[Chet has forced me to place a temporary moratorium on Memphis-themed posts to this blog. But it's only temporary.]
I was tied up with Merleau-Pontyans shortly after the Columbia University speech by Iranian President Mahmoud Ahmadinejad, but I did actually watch his speech in its entirety on CSPAN and wanted to offer my $0.02 on some of his criticisms (and the way it was subsequently taken up in American media).
A prefatory remark: if I wasn't already disciplined and conditioned by our domestic media to be suspicious of Ahmadinejad, I think I would have been very impressed with him on the basis of his Columbia University speech. He certainly wasn't the raving lunatic that we've been trained to expect. He showed poise in the face of significant hostility from his hosts--you may remember that he was introduced by Columbia University President Lee Bollinger as "exhibit[ing] all of the signs of a cruel and petty dictator"--and he repeatedly insisted on framing the forum as a conversation between intellectuals, frequently appealing to his audience's sense of academic integrity. Of course, we all know that rhetorical skill can easily mask what is otherwise repulsive content, but Ahmadinejad should be credited for his restraint.
You can read the entire transcript of Ahmadinejad's visit to Columbia here. There's too much there for me to attempt a point-by-point commentary, so let me just address the two main issues that were taken up in the media after the event. First, contrary to media reports, Ahmadinejad did not deny that the Holocaust happened in that speech. The majority of his remarks in reference to the Holocaust were framed in the context of an appeal for "responsible" scholarship. Ahmadinejad claimed that the Holocaust has become so sacrosanct in our (global) culture that intellectuals are forbidden from investigating the "truths" associated with it. He noted that no other "truths" are protected with the same vigilance--not in history, not in physics, not in economics, nowhere. By his reckoning, what academia desperately needs is to fill the void in scholarship surrounding the current situation and plight of Palestinians. Such scholarship, of course, would inevitably call into question the policies and right to existence of the state of Israel. As touchy as this subject may be, he is probably right about that.
Second, although Amhadinejad did in fact say that there are "no homosexuals in Iran," the context of this statement was elided. The American media reported this clip from his speech as if Ahmadinejad actually believed that homosexuals didn't exist in Iran. But what he said was "In Iran, we don't have homosexuals like in your country. We don't have that in our country. In Iran, we do not have this phenomenon." As much as it horrifies and disgusts me to think of the manner in which homosexuals are treated in Iran, I can understand how what Ahmadinejad said was, in a sad way, true. In Iran, they don't have homosexuals like in our country. That is, in Iran, they don't have a homosexual "problem"-- because, in Iran, unlike in our country, homosexuals are not allowed to rise to the status of a "problem." Think of it this way: Most people here in the United States would say that "we don't have slaves in our country. We do not have this phenomenon." Of course, that's not true. (If you don't believe that human trafficking and slavery are still a "problem" in the United States, see here, here , and here. Or read Kevin Bale's excellent study Disposable People: New Slavery in the Global Economy.) Most of us know, somewhere deep down inside, that such atrocities still occur here, but we would have probably answered the question the same way that Ahmadinejad did.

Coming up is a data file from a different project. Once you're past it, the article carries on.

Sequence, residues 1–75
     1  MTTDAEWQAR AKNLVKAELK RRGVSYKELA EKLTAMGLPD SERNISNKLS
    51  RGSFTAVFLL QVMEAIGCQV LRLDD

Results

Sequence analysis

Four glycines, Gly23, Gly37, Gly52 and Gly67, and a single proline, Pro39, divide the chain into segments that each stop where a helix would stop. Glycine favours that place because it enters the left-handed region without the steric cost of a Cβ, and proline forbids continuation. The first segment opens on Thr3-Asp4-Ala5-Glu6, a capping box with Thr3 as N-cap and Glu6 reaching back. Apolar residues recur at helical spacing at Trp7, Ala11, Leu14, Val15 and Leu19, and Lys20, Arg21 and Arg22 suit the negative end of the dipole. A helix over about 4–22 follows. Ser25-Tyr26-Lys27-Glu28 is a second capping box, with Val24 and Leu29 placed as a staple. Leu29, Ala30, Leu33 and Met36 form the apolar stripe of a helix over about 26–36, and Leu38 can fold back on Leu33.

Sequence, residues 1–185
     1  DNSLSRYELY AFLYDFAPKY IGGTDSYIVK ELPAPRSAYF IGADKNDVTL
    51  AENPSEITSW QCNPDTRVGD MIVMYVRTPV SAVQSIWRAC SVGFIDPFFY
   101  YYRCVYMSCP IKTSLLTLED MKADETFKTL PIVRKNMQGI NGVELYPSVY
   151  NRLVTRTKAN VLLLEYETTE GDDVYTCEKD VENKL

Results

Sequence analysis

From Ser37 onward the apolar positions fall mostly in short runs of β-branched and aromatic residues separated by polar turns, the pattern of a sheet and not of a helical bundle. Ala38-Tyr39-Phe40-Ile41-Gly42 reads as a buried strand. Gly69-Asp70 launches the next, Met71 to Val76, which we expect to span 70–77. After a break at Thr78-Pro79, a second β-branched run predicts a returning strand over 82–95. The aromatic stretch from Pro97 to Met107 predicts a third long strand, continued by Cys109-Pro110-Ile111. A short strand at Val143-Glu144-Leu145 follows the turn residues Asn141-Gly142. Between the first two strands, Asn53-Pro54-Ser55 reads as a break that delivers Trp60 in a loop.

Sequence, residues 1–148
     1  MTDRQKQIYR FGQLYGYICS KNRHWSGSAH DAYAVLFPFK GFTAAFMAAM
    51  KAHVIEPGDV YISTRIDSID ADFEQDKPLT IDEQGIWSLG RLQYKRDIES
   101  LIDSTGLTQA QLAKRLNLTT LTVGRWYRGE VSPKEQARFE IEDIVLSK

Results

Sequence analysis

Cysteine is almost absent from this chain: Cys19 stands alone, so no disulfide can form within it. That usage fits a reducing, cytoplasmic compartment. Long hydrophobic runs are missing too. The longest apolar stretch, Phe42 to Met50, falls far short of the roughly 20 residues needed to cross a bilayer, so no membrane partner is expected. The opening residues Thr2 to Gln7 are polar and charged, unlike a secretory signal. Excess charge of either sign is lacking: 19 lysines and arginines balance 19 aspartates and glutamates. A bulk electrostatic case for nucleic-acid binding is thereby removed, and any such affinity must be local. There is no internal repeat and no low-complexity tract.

Last point, tthe media failed to address any of the legitimate criticisms that Ahmadinejad leveled against the U.S. in his speech and chose instead to focus on these two points that seemed both ignorant and ridiculous. The fact is, though, that the majority of Ahmadinejad's address was aimed at calling into question the United States' (political, economic and ideological) hegemony. This reminded me of a similar phenomenon a few years back after South African President Thabo Mbeki claimed that HIV doesn't cause AIDS. The way that was reported was as if Mbeki was simply a "backward" and ignorant simpleton, who refused to grant any authority to Western science. But the truth is, there was another omission of context going on. What Mbeki claimed was that AIDS was not merely caused by HIV-- he said that AIDS was a "disease of poverty." This, of course, is also true. And Mbeki's suspicion of Western science and Western medicine turned out to be prescient, as a couple of years later the U.S. was forced to admit that the ARV (anti-retroviral) drugs we had been sending to South Africa were experimental and were causing an immense amount of damage to the HIV-infected population we were purporting to help.
We have lost an ability to hear critical voices. Especially when those voices are coming from Africa or the Middle East. Of course, I cannot endorse a large part of Ahmadinejad's address, nor can I endorse many of the things that Mbeki said, but it frightens me that we are so comfortable with turning them into buffoons or madmen, and then muting them altogether.